Medecins Sans Frontieres (MSF) has noted, through its project serving the Transmigrant population in Mexico, that high levels of criminal and armed violence that are lived in different countries of the Northern Triangle of Central America push each year tens of thousands of people to leave their country to find a less insecure place where their lives and liberty are not threatened.
Multiple testimonies gathered by MSF staff between Transmigrant population in the Mexican territory highlight this serious situation:
"I had to leave because I was wanted to put into the MS18 [Mara Salvatrucha 18] and I do not want, you know? I had to hide and then flee. I just want to be good, my family helped me out, but now I do not know if anyone will help me cross the border [United States]. " 17-year-old teenager from Honduras.
"I left my country because they killed my brother and believe that I'm going to tell the police who did it. Then they went to threaten my mom, so better we came to Mexico. My mom says that here we will ask for help". 15 year old teenager, El Salvador.
This is especially Honduran and Salvadoran families fleeing a virtual "kidnapping" of urban territories and systematic extortions of criminal groups; young men, teenagers and even children are forced to leave their country because of the threat of being recruited as informants or assassins by gang members and maras; adolescents and Honduran girls who avoid being a "war booty" or victims of sexual violence, exploitation or femicide in a context of widespread violence, as reflected in the numbers of homicides citywide that point out San Pedro Sula, Honduras, as the most dangerous city in the world since 2011.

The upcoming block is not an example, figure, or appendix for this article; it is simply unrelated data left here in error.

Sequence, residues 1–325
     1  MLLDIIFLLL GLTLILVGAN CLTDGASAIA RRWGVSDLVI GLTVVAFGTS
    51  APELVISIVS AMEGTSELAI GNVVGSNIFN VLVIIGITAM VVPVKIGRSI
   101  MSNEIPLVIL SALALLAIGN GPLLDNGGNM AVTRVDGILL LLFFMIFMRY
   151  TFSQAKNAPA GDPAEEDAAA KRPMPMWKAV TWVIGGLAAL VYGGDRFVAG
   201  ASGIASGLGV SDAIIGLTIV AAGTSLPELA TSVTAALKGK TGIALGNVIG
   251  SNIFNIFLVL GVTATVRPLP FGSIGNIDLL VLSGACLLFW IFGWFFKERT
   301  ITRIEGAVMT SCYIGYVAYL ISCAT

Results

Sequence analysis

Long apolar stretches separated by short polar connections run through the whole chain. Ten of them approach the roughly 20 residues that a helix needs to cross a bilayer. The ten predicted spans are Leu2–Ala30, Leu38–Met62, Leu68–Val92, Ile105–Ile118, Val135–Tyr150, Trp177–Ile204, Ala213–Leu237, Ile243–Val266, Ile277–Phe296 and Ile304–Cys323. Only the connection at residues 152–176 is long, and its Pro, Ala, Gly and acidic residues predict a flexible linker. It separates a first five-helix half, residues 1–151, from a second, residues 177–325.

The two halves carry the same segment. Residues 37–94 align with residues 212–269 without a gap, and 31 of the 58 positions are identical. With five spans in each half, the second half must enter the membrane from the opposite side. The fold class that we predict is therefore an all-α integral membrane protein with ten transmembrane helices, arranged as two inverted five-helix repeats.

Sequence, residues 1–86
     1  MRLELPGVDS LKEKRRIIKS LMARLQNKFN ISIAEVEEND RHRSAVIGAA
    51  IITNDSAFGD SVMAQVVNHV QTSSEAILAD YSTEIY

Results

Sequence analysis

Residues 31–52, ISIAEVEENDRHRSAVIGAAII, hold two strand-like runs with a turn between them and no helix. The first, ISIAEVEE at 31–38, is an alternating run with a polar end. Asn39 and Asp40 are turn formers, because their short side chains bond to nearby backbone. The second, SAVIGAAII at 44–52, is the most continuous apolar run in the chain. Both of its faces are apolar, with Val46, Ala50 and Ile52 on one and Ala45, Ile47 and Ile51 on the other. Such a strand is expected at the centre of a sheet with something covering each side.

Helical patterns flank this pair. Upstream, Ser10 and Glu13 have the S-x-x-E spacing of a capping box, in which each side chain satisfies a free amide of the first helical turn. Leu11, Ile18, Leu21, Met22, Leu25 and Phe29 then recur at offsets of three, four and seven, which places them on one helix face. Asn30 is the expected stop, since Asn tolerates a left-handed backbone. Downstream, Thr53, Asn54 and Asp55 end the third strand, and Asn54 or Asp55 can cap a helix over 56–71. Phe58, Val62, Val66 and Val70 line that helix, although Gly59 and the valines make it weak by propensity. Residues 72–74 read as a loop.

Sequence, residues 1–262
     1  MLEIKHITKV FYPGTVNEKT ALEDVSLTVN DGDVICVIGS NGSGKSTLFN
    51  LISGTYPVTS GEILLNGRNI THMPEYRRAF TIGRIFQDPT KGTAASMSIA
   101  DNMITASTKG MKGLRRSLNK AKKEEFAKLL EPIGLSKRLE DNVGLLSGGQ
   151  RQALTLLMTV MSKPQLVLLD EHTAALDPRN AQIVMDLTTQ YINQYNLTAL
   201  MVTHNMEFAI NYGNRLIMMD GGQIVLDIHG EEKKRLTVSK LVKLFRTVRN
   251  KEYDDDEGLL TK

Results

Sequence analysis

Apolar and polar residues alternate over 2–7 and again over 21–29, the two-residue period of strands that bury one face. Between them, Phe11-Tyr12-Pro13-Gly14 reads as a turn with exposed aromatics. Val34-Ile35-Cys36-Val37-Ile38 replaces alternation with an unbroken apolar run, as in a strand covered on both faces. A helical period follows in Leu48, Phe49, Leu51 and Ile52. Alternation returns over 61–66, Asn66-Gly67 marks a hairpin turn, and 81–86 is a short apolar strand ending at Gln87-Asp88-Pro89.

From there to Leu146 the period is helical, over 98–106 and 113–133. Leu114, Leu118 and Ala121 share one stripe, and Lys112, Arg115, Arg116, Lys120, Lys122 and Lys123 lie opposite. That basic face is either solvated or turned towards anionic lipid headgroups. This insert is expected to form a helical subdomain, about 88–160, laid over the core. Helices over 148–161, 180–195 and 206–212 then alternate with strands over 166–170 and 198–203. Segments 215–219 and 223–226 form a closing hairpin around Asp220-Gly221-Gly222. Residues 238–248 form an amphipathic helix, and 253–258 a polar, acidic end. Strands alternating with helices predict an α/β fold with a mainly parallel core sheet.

31% of transmigrant patients seen by MSF exhibited one or more factors related to violence as a cause to leave their country. These factors highlighted the direct assaults, extortion, attempted recruitment by maras and criminal gangs and widespread violence.
The MSF teams witness daily the humanitarian crisis that pushes large numbers of migrants to escape through Mexico with the aim of reaching the United States. Although the media and governments insist on speaking of an "immigration problem", what actually we face is a situation of "forced migration" by conditions of violence, which should be addressed from the perspective of the right to asylum and refugee status in countries of transit and destination countries (Mexico and the United States).
The "reasons for leaving their country" which come to light in interviews and psychological consultations carried out by MSF teams, are related to the expulsion factors that the United Nations High Commissioner for Refugees (UNHCR) includes into the list of reasons worthy of consideration to request the recognition of refugee status; and in fact, they have already been registered properly in the Mexican legal framework.
The Law on Refugees and Complementary Protection published on January 27, 2011 contains, among other benefits, recognition of assumptions associated with what MSF and other humanitarian agencies call "Other situations of violence," including those set out in Article 13 , Fraction II: the "generalized violence", the "massive violation of human rights" and "other circumstances which have seriously disturbed public order".